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What Is a Free Operating System Release?

Originally published on LiveJournal, 3.12.08

The next version of the free Ubuntu operating system, code-named “Hardy Heron,” is coming up next month, and I’m excited about the good stuff that’ll be coming my way. Canonical, the company behind Ubuntu, has committed to a pretty rigorous schedule of releasing every six months, which is one of the things that make Ubuntu stand out among free operating systems. Windows and Mac OS users have to wait years for new releases, and sometimes it ends in horror (Vista) or just a yawn (Leopard). The way free software is accelerating, every Ubuntu release contains something cool and useful, and plenty of bug fixes and security patches.

There’s something else going on here, too. Ubuntu, like most free operating systems, is package-based . This brilliant architecture means that the whole operating system, including everything “inside” and the applications you run “on top,” is made of packages. Want to install OpenOffice? Add the OpenOffice package. Support for MP3? Add that. The Linux kernel itself is a package, and not a particularly big one at that. You add packages from an online repository, with just a few clicks, and the operating system makes sure to check this repository occasionally, and let you know if there are any newer versions of any of the packages you have installed. The whole “download and run the installer” process in Windows, which exists to an extent in Mac OS, only very rarely happens in Ubuntu.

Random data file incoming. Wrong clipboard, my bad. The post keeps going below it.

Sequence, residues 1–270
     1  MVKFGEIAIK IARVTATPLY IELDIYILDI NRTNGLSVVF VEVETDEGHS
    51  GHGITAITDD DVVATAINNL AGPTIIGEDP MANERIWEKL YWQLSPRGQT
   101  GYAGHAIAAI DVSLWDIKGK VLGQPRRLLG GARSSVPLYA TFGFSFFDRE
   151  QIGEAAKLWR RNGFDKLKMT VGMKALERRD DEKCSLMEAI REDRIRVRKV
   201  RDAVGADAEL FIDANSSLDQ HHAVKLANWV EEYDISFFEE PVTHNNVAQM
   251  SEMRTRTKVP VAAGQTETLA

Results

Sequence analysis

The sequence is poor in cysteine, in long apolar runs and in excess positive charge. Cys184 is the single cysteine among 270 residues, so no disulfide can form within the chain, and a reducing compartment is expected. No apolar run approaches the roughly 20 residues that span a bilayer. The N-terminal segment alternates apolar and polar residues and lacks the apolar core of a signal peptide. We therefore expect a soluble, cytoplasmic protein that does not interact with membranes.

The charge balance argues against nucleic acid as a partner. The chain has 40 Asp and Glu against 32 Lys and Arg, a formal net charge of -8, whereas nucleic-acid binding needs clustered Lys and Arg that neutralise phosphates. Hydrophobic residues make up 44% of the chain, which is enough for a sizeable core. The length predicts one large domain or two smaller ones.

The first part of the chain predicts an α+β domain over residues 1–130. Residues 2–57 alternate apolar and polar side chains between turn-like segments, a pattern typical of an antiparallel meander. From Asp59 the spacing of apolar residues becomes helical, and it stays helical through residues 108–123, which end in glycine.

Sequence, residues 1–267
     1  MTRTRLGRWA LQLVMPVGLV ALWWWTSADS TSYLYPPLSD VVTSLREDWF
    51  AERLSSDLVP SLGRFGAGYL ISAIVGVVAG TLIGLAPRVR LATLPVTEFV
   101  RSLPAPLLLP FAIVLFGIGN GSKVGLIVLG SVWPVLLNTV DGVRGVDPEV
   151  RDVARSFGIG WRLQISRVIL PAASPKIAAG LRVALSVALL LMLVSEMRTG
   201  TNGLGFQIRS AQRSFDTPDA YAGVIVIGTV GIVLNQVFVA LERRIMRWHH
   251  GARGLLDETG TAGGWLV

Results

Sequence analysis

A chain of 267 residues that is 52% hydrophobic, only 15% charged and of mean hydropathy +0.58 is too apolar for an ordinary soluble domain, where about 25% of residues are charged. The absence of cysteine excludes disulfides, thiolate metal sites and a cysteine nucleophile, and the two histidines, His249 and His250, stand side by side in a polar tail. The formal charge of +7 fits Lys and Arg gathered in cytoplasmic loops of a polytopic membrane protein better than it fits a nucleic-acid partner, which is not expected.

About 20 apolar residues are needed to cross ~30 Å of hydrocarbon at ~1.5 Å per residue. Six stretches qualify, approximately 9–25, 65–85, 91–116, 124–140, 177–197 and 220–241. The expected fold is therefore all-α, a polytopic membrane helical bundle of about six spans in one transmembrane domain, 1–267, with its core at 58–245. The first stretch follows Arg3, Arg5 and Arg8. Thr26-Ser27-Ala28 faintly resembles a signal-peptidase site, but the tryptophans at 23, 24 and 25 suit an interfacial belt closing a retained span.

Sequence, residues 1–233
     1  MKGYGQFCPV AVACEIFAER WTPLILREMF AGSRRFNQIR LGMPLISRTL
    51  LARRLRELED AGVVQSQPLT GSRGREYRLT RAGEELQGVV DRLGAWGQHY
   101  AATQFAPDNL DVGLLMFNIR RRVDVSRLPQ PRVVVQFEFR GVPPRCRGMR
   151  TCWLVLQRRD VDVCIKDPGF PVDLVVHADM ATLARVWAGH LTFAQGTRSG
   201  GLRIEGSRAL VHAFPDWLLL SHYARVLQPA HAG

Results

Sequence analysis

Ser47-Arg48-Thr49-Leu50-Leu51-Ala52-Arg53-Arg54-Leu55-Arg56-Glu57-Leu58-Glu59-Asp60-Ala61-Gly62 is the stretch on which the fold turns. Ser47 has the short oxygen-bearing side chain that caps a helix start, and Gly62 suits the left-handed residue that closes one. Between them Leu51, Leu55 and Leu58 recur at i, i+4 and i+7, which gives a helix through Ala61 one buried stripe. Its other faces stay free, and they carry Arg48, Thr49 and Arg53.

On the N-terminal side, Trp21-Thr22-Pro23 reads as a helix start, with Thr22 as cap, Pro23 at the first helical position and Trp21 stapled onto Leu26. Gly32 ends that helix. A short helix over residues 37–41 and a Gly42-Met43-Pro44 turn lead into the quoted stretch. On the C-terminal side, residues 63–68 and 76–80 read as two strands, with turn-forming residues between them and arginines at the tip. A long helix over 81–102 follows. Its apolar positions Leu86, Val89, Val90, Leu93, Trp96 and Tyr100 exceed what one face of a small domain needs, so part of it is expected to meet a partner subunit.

With this in mind, it doesn’t make much sense to have an operating system “release.” Why not just improve one package at a time, and have the operating system continuously released? This is, in fact, what happens. However, there is a boiling point beyond which this becomes a nightmare for testers, and packages are frozen. That’s right: releases for package-based operating systems are not about software development, as they are for Windows and Mac OS; they are all about quality assurance .

Packages exist in an ecosystem: they depend on each other. For example, there’s a package called Pango which arranges text, intelligently handling various languages and mixing them in paragraphs. Both Firefox and OpenOffice depend on Pango. So, when a new version of Pango comes out, they both benefit. This is OK until at some point an improvement in Pango is incompatible, in some ways, with the old Pango. So, if we get the new Pango package, both Firefox and OpenOffice might stop working. While it’s possible to have both versions of Pango packages together (and this type of solution is used in some cases), this creates a testing nightmare. You would have to test every single package that depends on Pango (there are hundreds) to see whether it would work with the new version or the old. And meanwhile, all the developers of these packages will be scrambling to release newer versions that support the new Pango. You’ll be constantly testing. At some point, you have to draw the line and say that the new Pango, and all packages that depend on it, will have to be tested together.

That’s actually a simple case. A lot of these packages have very complex inter-dependencies.

A “release” schedule thus allows the repository maintainers time to test a certain baseline of packages, carefully selected ahead of time for having a good change of passing tests. “Too new” packages are often rejected, asked to wait for the next release. Because this is only six months in Ubuntu, as opposed to years, the delay is acceptable (although still a cause for fiery debate for those clamoring for the latest and greatest).

And so, though my current Ubuntu (Gutsy Gibbon) has been continuously updating itself over the past six months, Hardy Heron will introduce a whole new baseline of packages. It’s one big update, all at once. That’s exciting.